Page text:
The King (15)

Directed by James Marsh
Written by James Marsh and Milo Addica
Screening at FACT from 30th June - 5th July 2006

Reviewed by Adam Ford

In 1996, documentary maker James Marsh made a film about Elvis Presley, called The Burger & The King. In 2005, he made a drama about a man who happens to be called Elvis, and called it ‘The King’. Symbols that actually symbolise nothing run throughout this latter picture, and spoil what had the makings of a decent piece of entertainment.

Elvis Valderez (Gael Garcia Benal) gets out of the US navy and goes off to Corpus Christi, Texas, where he introduces himself to Pastor David Sandow (William Hurt), the father he has never met. Sandow rejects him out of hand, since he has an all-American suburban family, and doesn’t want to remember his days as a ‘sinner’. But Elvis is determined to become a part of his father’s life, so the Pastor’s supposedly dark past is nothing compared to his future.

Marsh creates a skin-crawlingly tense atmosphere, and the casting is immaculate. Benal continues to establish himself as a very versatile performer, since this role is worlds apart from Che Guevara in The Motorcycle Diaries and his three characters in Bad Education. William Hurt is as brooding as ever, while Pell James as the pastor’s teenage daughter has more than a touch of Sissy Spacek in Carrie about her.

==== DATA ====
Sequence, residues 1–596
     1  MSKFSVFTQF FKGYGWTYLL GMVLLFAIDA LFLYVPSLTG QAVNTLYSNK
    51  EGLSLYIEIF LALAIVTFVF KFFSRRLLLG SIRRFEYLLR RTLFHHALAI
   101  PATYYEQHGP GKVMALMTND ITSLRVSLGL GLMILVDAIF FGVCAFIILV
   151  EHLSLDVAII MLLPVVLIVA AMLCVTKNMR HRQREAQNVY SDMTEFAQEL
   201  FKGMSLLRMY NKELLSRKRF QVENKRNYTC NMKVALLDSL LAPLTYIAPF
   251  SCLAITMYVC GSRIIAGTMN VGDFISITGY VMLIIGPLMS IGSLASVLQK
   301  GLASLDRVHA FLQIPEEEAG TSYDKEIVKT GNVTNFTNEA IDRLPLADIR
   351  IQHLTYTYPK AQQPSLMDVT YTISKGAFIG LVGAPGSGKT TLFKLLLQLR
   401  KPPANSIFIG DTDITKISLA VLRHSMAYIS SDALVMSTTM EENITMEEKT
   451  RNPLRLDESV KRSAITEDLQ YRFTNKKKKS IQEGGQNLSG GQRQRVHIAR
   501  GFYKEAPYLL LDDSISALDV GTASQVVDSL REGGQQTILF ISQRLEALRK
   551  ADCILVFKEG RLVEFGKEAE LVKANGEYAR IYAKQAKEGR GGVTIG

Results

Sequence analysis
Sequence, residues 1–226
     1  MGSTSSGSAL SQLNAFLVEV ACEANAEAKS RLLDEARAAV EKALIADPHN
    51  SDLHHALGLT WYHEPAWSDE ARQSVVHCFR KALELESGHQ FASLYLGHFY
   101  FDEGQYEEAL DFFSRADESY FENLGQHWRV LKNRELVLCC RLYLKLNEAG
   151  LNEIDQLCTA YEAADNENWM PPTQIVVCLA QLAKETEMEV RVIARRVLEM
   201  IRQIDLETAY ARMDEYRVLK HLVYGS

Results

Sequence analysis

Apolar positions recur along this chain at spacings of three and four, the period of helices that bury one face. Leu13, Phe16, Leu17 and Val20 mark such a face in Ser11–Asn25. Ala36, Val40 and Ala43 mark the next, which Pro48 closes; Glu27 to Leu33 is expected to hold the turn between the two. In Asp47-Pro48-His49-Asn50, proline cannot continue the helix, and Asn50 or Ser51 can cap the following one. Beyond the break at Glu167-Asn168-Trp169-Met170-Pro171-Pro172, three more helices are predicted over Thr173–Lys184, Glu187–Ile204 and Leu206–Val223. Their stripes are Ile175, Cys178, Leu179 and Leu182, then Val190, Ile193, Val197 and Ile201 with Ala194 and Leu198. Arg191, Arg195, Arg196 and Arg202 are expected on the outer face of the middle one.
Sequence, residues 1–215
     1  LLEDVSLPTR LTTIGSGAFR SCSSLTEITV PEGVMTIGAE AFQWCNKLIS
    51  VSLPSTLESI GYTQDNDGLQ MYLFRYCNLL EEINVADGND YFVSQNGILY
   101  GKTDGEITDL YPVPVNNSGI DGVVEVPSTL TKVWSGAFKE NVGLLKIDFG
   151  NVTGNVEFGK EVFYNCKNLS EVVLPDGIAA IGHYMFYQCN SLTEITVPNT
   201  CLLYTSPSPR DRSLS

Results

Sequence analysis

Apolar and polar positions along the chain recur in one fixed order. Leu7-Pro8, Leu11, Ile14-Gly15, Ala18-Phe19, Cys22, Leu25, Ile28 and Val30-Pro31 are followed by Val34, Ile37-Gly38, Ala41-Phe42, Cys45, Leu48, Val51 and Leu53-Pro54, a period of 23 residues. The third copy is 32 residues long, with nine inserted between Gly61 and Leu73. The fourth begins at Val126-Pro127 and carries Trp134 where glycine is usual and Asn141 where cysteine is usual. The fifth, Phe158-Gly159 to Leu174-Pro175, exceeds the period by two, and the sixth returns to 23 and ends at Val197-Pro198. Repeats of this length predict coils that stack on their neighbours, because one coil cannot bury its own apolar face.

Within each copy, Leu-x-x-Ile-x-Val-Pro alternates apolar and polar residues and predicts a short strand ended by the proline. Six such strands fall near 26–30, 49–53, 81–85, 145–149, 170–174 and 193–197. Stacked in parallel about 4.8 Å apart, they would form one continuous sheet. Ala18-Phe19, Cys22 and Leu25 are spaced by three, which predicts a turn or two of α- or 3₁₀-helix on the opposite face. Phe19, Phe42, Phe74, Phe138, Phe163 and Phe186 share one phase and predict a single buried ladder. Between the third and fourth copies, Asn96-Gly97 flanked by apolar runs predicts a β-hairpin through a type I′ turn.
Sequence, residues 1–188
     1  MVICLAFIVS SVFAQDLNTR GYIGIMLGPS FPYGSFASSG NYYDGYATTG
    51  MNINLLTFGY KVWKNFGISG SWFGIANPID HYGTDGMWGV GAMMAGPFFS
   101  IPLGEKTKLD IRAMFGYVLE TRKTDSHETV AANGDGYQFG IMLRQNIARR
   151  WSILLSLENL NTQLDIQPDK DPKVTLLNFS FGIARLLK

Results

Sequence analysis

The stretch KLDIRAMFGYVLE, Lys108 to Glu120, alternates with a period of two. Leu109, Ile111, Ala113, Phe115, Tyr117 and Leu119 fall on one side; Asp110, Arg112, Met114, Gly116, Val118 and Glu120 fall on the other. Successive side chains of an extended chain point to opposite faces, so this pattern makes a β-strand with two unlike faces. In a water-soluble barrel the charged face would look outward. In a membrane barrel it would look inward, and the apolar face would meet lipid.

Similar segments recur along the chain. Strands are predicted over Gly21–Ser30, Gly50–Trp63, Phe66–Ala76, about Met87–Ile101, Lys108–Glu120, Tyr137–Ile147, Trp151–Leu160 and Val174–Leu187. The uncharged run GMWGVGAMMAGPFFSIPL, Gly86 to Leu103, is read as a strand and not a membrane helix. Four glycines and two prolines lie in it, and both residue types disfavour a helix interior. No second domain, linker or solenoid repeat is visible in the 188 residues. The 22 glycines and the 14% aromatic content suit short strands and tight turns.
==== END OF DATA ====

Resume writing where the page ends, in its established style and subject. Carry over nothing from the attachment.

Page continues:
However, for all this moodiness, the plot is empty and superficial. ‘Getting right with Jesus’ (or forgiving oneself for incidents when following one’s energies has led to trouble, before adopting a restrictive moral code as a survival mechanism) has been done on seventy times seven previous occasions, and this adds next to nothing. Addica has written some intriguing stuff before - Monster’s Ball (2001) and Birth (2004) - but much of this script is taken up by meaningless ciphers and meaningless silences. Many filmmakers today are keen to ‘let the audience make up their own mind’, but this is usually a clue that they haven’t got anything to say.

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